"Amour" Review




Title: Amour
Director: Michael Haneke
Starring: Jean-Louis Trintignant, Emmanuelle Riva, Isabelle Huppert
Studio: Sony Picture Classics
Genre(s): Drama
Rated: PG-13 (For mature thematic material including a disturbing act, and for brief language)





When I was younger my family would make yearly trips to Disneyland. Before we'd get thee though we'd stay the night with Uncle Thomas and Aunt Janet. They weren't family by blood, they were just honorary members of the family. They were an old couple who were so much in love with each other that even a young anti-social brat like me couldn't help but wonder if there was ever a time when the two weren't part of each other's lives. They eventually died of old age, and the first end of the era had passed for me. Watching Michael Haneke's “Amour” brought me back to those visits. I know box office is driven by teen romances, but it's still the movies about the couples who are old and grey that make me smile the most. 
 
 

“Amour” is both a touching love story as well as a heartbreaking one. The George (Jean-Louis Trintignant) and Anne (Emmanuelle Riva) are in their eighties and happily married to one another. The movie doesn't state how long they've been married, but they are so comfortable with each other, so friendly, still telling corny joke about each other, that I couldn't imagine a time of their lives when they weren't together. Tragedy strikes when Anne suffers a stroke, and now has to be taken care of by George. Of course he loves her and wants to take care of her. On the other side is Anne, who knows this is the first step towards death. She loves him so much that she would rather die than let him waste his life away taking care of her. But if she's not part of his life, then what point is there to life for him?



If this were a hopeful film the Anne would start recovering or these two people would rediscover their love for one another. “Amour” translates to “love,” so film takes neither of the directions because there's no reason to. We know they're in love because we can feel it. But what happens when an unwinnable situation comes between a couple? In this film the couple's lives become monotonous. The sicker she gets the more life becomes unbearable. They never leave the house. We are stuck watching these two take a long just to do something simple as making sure she can use the bathroom. The film's central question is how to manage the suffering of someone you love?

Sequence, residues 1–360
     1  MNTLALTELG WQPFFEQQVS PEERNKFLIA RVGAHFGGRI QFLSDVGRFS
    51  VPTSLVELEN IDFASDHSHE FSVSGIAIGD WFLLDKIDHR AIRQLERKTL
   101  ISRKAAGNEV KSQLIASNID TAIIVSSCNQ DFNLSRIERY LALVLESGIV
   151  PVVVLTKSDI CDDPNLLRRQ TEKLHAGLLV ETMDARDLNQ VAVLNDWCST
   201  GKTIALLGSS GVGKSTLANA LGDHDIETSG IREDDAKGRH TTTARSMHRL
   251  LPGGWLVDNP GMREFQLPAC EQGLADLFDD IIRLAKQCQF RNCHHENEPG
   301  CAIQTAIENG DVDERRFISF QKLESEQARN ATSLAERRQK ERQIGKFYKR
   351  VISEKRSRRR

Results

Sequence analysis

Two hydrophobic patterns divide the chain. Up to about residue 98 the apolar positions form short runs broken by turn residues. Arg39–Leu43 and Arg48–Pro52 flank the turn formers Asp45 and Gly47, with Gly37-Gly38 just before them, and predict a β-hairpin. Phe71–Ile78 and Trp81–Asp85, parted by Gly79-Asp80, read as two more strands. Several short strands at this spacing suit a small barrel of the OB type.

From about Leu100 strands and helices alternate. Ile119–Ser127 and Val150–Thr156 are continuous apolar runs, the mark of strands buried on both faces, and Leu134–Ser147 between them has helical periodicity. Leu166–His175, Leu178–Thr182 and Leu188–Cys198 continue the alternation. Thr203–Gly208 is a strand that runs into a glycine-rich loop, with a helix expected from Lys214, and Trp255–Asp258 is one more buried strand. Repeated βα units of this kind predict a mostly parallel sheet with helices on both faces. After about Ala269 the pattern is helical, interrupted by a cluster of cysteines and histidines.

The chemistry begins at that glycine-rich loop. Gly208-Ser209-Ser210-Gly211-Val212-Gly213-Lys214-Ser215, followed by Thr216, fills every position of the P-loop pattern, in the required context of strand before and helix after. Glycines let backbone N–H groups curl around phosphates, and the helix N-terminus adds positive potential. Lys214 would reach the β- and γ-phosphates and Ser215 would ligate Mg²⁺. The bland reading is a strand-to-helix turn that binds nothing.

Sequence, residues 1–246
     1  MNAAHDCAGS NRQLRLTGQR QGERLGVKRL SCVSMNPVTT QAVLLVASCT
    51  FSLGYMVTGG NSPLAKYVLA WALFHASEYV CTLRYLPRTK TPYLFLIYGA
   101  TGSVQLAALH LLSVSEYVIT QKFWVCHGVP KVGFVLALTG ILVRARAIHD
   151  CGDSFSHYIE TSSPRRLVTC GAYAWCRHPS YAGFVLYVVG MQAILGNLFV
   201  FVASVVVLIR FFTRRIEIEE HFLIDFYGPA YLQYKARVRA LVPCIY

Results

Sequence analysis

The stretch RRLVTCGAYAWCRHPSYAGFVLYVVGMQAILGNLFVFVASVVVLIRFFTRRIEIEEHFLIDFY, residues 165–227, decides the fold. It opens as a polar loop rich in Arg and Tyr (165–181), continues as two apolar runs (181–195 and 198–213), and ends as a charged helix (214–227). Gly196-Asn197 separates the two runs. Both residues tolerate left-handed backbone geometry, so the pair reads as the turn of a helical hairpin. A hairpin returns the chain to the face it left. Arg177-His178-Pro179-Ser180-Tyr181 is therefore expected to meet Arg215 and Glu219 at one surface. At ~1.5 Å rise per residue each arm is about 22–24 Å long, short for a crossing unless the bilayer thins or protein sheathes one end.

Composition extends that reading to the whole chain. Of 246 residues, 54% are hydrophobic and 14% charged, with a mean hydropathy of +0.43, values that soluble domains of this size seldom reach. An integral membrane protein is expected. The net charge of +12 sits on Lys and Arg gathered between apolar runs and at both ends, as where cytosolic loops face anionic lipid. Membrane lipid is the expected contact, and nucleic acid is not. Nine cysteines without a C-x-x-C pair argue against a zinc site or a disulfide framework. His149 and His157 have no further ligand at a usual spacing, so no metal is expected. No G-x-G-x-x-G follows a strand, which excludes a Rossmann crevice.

Although this is what most of us agree to with our wedding vows, it still comes off as cruel punishment. George starts to feel isolated, depressed, and lonely. Haneke directs “Amour” with long shots and pillow shots. You can watch every action movie with lots of violence in the past two years, and you couldn't find a single building blowing up that could match the feeling of loss you get just by watching these two sit quietly in their bed room, with so much they want to say but have no words to speak. Like Terrence Malick's “The Tree of Life” from a few years ago this is a movie that doesn't spoon feed the emotions to the audience with lots of words and over exposition.
Like Malick, Haneke films his movie and lets the images speak for themselves. That means “Amour” will probably have a barrier between itself traditional movie goers who can't reach inside themselves and feel with their heart. Their loss. On a final note I want to tell you another story. My parents are getting old. My dad is 56 years old and my mom is 51 years young. There may be a day when something happens to one of them that will make the other have to manage them. I have no doubt that whoever falls ill first the other will take care of them. It won't be out of a sense of duty though, it will because they love each other very much. “Amour” is at once a happy story and a tragic story, but most of all it's a very human story. 








CONSUMER ADVICE
Parents, there is some minor strong language and mild (non-sexual) nudity. Recommended for ages 12 and up.



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